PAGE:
Says “for the sun is no sooner risen with a burning heat”. Is this saying when Jesus returns these worldly things will burn away? More so, what is the meaning of “no sooner ”

3 Answers 3


In the context, James is developing the metaphor of the previous verse, when he says about the rich man "like the flower of the grass he will pass away" (RSV). Your quotation continues "and withers away the grass", which is exactly what happens in nature (not quite instantly, though). James in Palestine would be in a good position to know that and will have seen it happen. V11 ends by returning to the original verdict; "So will the rich man fade away in the midst of his pursuits".

At the same time, James is likely to be referring to, and expecting his readers to be aware of, the prophecy in Malachi ch4 v1; "For behold, the day comes, burning like an oven, when all the arrogant and all evildoers will be stubble; the day that comes will burn them up, says the Lord of hosts, so that it will leave them neither root not branch". The same metaphor.

In practice, the idiom "no sooner.. than" is an equivalent of "as soon as", sometimes used in reports like "No sooner had he walked in the door than the boss started shouting at him." In other words, the event which follows on so sharply from the first event is likely to be an unwelcome one. The Authorised Version, which you are evidently quoting, says "no sooner... but" in this verse, but the effect is the same.


The text in question:

James 1:9 Let the brother of low degree rejoice in that he is exalted:
1:10 But the rich, in that he is made low: because as the flower of the grass he shall pass away.
1:11 For the sun is no sooner risen with a burning heat, but it withereth the grass, and the flower thereof falleth, and the grace of the fashion of it perisheth: so also shall the rich man fade away in his ways.

The lowly... Most people fall in that category, with not a lot of money, not in a social position, basically struggling to make it in life. These lowly Christians see other people, who may not even be that devoted to God, seemingly much better off and more blessed with temporal things.

They seem to ask the same question as we find in Ps. 73:10-18, what's the use of living a godly life, if we have to toil so hard just to make ends meet, while the worldly have an easy and prosperous life?

But the lowly Christian is exalted in Christ, while the worldly rich will lose it all.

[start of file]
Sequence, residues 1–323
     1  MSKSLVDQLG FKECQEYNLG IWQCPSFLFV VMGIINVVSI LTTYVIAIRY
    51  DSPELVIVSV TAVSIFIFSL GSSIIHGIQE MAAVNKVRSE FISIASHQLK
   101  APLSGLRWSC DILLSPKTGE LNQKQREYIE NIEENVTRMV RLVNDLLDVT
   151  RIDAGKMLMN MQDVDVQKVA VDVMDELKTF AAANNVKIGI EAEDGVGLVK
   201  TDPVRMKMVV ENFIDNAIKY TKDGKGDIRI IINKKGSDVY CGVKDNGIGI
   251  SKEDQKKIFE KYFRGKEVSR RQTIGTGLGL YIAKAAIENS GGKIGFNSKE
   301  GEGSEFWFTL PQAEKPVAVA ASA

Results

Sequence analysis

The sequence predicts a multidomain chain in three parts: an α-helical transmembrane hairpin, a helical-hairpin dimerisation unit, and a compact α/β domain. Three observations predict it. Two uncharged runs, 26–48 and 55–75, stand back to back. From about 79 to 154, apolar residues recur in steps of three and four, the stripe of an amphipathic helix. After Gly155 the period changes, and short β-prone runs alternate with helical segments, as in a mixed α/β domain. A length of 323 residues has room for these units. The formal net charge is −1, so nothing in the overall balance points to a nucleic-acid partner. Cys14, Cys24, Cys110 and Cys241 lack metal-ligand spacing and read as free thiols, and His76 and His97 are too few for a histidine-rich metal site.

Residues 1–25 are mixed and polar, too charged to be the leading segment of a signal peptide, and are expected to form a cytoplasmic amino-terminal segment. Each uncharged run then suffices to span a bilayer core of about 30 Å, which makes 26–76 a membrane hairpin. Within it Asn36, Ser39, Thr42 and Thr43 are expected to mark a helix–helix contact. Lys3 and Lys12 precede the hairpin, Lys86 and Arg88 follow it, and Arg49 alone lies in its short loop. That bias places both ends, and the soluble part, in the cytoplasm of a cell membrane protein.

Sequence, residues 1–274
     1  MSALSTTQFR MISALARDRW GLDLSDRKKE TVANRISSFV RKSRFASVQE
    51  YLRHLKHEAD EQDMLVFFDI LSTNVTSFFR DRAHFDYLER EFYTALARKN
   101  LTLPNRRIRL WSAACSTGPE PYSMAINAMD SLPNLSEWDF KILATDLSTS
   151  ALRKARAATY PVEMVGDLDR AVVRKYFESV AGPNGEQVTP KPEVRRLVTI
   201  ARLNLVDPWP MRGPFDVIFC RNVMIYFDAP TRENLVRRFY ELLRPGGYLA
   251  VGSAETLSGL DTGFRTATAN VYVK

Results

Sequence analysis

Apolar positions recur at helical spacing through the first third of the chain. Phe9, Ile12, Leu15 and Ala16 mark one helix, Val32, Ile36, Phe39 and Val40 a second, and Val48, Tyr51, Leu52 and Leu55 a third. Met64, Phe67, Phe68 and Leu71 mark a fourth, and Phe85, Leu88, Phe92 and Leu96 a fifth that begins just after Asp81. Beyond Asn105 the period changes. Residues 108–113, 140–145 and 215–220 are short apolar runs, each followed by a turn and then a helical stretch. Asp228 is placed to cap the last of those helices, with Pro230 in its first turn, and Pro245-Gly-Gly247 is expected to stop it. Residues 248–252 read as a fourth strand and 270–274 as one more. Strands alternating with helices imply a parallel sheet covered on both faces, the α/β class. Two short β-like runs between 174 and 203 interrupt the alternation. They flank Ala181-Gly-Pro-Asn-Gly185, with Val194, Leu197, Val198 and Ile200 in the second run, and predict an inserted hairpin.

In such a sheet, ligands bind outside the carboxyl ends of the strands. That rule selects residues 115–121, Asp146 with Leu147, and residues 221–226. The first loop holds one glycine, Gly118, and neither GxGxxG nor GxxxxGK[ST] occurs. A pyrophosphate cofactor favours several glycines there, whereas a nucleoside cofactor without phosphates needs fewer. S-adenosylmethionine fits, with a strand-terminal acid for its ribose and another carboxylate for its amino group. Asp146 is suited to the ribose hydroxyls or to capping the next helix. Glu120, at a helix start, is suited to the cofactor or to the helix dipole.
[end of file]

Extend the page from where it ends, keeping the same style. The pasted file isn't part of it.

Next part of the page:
The present life is like the flower or grass, here today and dead tomorrow. But those in Christ will life forever!

But both, rich or lowly, can be in Christ, if they chose Him. The lowly is exalted in Christ The rich is humbled as he too, needs a Savior, just as much as the lowly.

Life is very short. All die, like the plants in the field, some bloom, some not so much, but all live only a short while and then die, no matter if they are lowly, or rich.

No sooner does a person reach the full sunshine and strength of their prime, the heat of responsibility upon them, and they start to whither away. Their splendor, and all on which they built up their security, shall vanish.

Isaiah 40:6-8 All flesh is grass, and all its loveliness is like the flower of the field. 7The grass withers, the flower fades, When the breath of the LORD blows upon it; Surely the people are grass. 8The grass withers, the flower fades, But the word of our God stands forever.

The comparison of people to grass, is usually used to describe the brevity of life, not the final destruction, yet the thought that it is more important to prepare for the here after, not on the temporal is implied.


"No Sooner" of James 1:11

The phrase "no sooner" is not part of the Greek text, but was inserted for some inexplicable reason by th KJV translators. Here is a very literal rendering of the Greek from BLB:

For the sun has risen with its burning heat and withered the grass, and its flower has fallen, and the beauty of its appearance has perished. Thus also the rich man will fade away in the midst of his pursuits.

The meaning of this verse is rather simple - James is using a simple, common metaphor to say that the wealthy and their wealth with wither like a flower/blossom used the hot sun.

There is nothing about judgement nor any eschatological meaning here. It is simply saying that wealth is ultimately transitory. James is simply discussing the trials of this life and how they effect the Christian.

Your Answer

By clicking “Post Your Answer”, you agree to our terms of service and acknowledge you have read our privacy policy.

Not the answer you're looking for? Browse other questions tagged or ask your own question.